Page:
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Snowden Won't Face Torture in the U.S. Maybe

Politics / US Politics Jul 28, 2013 - 10:53 AM GMT

By: Andrew_McKillop

Politics

WATERBOARDING - MAYBE
US Attorney General Eric Holder in a letter released to 'Wall Street Journal' 26 July and dated 23 July, told his addressee, His Excellency the Minister of Justice of Russia that National Security Agency 'leaker' Edward Snowden would not face the death penalty. Holder also promised he would not be tortured—in a new bid by the Obama administration to persuade Russia not to grant Snowden asylum or refugee status.


Holder magnanimously added that even if Snowden was charged with “additional, death penalty-eligible crimes” and found guilty he would not be executed. He said that Mr. Snowden's grounds for seeking asylum in Russia "are entirely without merit." Holder disputed Snowden's claim that he cannot travel because his US passport has been canceled. He said Snowden “is eligible for a limited validity passport good for direct return to the United States” - a one way trip to the US to face trial for treason.

Snowden may prefer Venezuela, Bolivia or Nicaragua if he can get there in an airplane that does not “disappear off the radar screen”.

What Vladimir Putin does with his prize bargaining chip is the meat of dozens of press articles, but if Snowden ever did return to the USA on a one-way, one-use passport, for trial, he would be put away for a long time. What happened to Bradley Manning is his reference and warning.

A UK Guardian article said that more than 250 of America's most eminent legal scholars signed a letter protesting against Manning's treatment in military prison, contesting that the "degrading and inhumane conditions" Manning suffers are either legal or constitutional, and may even amount to torture. One of the signatories was Laurence Tribe, a Harvard professor considered  America's foremost authority on constitutional law - who taught constitutional law to Nobel Peace prizewinner Barack Obama and was a key backer of Obama's 2008 presidential campaign. To make his protest, Tribe resigned from the Obama administration where he was a legal adviser in the justice department.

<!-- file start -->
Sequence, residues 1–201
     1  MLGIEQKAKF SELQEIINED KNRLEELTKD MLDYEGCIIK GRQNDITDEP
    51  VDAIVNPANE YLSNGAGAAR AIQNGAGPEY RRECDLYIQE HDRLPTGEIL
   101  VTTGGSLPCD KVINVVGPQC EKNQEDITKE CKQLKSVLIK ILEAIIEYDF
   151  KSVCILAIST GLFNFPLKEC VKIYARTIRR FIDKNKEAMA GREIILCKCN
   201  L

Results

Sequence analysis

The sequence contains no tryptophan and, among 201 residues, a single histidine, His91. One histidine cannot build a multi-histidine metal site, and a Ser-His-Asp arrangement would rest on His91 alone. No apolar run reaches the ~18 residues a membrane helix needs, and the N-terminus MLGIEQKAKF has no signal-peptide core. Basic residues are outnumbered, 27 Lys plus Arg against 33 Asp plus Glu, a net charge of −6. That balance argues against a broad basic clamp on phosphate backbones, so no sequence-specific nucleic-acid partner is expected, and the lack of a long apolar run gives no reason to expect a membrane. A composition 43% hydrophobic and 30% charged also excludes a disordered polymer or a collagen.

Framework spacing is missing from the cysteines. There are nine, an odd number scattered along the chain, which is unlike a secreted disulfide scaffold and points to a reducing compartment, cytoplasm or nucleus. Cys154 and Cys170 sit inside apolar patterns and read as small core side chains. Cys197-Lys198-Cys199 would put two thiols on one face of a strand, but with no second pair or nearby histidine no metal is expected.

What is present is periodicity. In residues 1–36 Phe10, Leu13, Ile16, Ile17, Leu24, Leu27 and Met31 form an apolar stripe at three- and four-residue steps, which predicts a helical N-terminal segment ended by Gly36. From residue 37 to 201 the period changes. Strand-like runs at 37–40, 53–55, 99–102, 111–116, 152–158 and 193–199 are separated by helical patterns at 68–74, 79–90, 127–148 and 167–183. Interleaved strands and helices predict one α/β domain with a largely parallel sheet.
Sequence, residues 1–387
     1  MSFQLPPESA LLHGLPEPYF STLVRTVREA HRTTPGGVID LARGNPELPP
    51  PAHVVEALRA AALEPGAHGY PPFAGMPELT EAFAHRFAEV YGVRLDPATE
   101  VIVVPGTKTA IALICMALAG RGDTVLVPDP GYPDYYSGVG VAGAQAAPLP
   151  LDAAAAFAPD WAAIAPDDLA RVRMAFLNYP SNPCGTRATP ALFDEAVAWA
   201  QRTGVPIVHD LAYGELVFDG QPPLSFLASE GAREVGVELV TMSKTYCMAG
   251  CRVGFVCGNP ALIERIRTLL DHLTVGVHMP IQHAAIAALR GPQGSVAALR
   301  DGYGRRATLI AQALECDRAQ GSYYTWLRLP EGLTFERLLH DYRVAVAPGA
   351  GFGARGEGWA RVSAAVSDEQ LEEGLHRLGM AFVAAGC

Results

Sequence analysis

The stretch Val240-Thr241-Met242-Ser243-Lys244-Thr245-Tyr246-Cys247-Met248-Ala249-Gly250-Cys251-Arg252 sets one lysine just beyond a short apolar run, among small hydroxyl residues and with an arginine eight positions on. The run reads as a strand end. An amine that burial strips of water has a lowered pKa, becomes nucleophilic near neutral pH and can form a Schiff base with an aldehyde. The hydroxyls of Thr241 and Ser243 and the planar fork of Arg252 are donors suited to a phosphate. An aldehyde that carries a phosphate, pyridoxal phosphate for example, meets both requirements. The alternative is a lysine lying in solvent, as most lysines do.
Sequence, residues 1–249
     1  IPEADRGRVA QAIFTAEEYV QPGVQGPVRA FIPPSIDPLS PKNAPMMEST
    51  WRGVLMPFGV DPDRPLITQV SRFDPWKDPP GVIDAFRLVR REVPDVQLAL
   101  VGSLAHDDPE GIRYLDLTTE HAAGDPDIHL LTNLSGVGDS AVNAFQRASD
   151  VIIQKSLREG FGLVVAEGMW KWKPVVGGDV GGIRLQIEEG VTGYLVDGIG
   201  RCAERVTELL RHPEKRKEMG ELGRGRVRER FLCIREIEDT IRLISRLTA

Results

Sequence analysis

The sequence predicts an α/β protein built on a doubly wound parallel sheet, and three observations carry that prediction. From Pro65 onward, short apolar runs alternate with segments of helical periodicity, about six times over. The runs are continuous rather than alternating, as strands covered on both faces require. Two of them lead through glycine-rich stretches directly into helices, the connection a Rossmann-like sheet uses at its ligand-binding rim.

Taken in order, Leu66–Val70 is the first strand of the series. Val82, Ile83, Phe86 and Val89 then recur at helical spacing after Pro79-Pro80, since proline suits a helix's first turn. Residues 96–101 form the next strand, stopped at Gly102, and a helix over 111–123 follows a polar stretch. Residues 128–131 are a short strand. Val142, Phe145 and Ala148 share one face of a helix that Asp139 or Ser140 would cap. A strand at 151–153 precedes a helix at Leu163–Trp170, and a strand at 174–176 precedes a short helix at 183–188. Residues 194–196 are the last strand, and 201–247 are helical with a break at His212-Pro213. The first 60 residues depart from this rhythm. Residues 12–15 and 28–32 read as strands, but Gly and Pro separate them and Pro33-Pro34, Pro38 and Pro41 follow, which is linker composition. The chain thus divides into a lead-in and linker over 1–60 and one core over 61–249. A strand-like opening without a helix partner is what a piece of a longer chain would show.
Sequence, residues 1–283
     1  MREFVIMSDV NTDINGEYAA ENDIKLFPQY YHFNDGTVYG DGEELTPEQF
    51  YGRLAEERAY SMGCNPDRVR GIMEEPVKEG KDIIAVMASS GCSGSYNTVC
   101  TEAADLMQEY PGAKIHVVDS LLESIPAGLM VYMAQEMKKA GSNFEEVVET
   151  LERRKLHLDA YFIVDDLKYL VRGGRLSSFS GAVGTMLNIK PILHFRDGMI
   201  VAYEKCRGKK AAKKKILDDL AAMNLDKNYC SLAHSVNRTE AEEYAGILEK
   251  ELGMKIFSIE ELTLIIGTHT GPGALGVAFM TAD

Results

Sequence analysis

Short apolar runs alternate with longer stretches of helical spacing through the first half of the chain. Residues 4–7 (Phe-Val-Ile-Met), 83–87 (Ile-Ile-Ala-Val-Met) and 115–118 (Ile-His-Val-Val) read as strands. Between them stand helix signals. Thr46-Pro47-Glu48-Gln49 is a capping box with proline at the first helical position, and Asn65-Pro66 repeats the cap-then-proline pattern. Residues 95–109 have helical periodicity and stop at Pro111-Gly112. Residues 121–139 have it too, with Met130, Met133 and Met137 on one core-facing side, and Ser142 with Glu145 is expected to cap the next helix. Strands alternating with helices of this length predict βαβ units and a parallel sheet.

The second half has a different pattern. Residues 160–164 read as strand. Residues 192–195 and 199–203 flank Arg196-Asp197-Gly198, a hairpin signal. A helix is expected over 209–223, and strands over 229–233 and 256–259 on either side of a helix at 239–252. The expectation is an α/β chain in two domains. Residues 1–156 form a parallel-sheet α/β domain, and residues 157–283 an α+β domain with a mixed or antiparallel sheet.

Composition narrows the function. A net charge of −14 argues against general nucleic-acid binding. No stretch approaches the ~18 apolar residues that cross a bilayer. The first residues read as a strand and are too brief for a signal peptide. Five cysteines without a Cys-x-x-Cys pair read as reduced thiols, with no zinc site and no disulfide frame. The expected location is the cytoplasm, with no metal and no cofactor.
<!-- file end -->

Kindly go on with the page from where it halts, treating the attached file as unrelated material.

Manning is held in solitary confinement for 23 hours a day, checked every five minutes under a so-called "prevention of injury order" and stripped naked at night apart from a smock, in a 6-foot by 12-foot cell with 24/7 lighting “for his own protection”.

RESPECT FOR THE RULE OF LAW
Obama made respect for the rule of law a supposed “cornerstone” of his administration, promising this when he entered the White House in 2009. He claimed he was going to end the excesses of the Bush administration's war on terror. Obama intensified them, as shown by the Manning and Snowden cases.

A major figure in US law, Professor Benkler told the 'Guardian': "It is incumbent on us as citizens and professors of law to say that enough is enough. We cannot allow ourselves to behave in this way if we want America to remain a society dedicated to human dignity and process of law."

This had no avail on the Nobel Peace prizewinner, resulting in the only conclusion possible. Manning's treatment was “a warning to future whistleblowers." The Obama administration's pitch is that war against Islamic fundamentalists or any other kind of terrorist makes it obligatory to use special wartime security measures. Times have changed and if you don't like it – too bad. Snowden is forewarned as to what awaits him if he is ever returned, against his will, to the US of Barack Obama.

Manning was charged and convicted of leaking thousands of confidential documents to WikiLeaks. After 7 months of solitary confinement, the 23-year-old was tried for computer fraud, theft of public records and willfully communicating classified information “to a person or persons not entitled to receive it”. One additional charge against Manning that Eric Holder possibly appears to exclude in the Snowden affair, to curry favour with Putin, was the rare charge known as "aiding the enemy" – a capital offence for which the death penalty can be applied.

The defence strategy used by Manning is also a warning for Snowden, if through 'realpolitik' Putin decided to cash in his bargaining chip with Obama, and hand Snowden over to US “justice”. Manning tried to argue that he leaked the documents because he “saw wrongdoing and had no other course of action”. Manning also argued that he “did not want to be complicit in war crimes”, and wanted to prompt worldwide debate and discussion about, as well as “reforms” of US national security.